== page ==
Wednesday, September 17, 2008

Fitness Pitfalls

We all know how hard it can be to get to the gym. After a full day of work and commute, you try to squeeze in a workout before dinner or whatever fun other activity you've planned for the evening. Alternatively, maybe you've gotten yourself out of bed early to virtuously head to the gym before work. And you've finally gotten that motivation, gotten to the gym, done the workout. But maybe you have a goal, and you're not there but you're plateauing already. Or maybe you get injured or your muscles just don't feel right. What's the deal?

The 3 Biggest Fitness Mistakes

1. Not warming up and cooling down.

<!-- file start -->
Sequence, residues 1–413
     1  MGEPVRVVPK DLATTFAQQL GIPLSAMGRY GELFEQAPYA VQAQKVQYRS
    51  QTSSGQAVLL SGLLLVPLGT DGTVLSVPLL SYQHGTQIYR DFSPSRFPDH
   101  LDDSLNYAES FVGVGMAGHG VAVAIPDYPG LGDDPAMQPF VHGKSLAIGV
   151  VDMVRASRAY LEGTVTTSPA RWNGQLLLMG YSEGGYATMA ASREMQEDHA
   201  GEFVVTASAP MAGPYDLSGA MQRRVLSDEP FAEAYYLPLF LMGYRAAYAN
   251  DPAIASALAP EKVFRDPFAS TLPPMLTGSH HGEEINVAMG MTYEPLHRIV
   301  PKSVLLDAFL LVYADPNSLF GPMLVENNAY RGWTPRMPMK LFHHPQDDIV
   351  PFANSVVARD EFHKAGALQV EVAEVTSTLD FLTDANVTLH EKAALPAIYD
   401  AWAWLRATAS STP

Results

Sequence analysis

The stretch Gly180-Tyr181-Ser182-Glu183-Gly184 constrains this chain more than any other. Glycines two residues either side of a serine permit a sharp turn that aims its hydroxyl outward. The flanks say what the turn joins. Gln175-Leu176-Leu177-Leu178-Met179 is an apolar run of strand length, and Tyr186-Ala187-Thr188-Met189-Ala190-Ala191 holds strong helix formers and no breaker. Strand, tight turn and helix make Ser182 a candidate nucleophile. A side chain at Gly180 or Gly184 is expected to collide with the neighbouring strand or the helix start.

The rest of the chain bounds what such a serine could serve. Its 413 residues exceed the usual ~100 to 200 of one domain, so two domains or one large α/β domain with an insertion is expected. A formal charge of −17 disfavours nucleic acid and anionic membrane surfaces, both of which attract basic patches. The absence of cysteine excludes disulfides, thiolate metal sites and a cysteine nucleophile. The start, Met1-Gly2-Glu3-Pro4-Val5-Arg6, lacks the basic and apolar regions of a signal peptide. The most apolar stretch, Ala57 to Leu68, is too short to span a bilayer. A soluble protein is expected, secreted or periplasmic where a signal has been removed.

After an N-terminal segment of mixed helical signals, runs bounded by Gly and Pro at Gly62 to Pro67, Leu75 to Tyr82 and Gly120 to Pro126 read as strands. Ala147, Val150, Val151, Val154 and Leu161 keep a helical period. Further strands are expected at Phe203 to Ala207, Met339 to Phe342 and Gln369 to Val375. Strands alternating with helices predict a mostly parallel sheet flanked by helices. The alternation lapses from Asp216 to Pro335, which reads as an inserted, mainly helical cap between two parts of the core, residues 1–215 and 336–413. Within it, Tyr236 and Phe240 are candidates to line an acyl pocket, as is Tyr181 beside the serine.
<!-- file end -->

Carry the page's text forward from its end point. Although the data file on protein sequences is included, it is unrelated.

Let's start with the question of warming up. This is just as important as the workout itself. If you come in off the street (especially if it's winter and freezing), and you start jumping around right off the bat, it can lead to injury. Any kind of lateral jumping movement shouldn't be added to the workout until at least 5-10 minutes into the warmup (by this I mean jumping jacks, leaps, shuffles, anything involving both feet leaving the ground and moving laterally). Muscle elasticity depends on how much blood is flowing through it, so cold muscles with less blood running through them are more likely to become injured or damaged because they aren't able to absorb shock as well. And because of the lack of muscle elasticity, you should never warm up with static stretching (holding a stretch in place), but with more dynamic stretching (lunging down and up instead of holding the lunge down). If you want to do a stretch after the warm up, your muscles should then be warm enough. What kind of warm up should you do? It depends on your activity. For something aerobics like kickboxing try step touches, grapevines, hamstring curls, alternating knees up. For running, try walking, elliptical, even jump roping (because it's up and down and not lateral - just start with some marching first).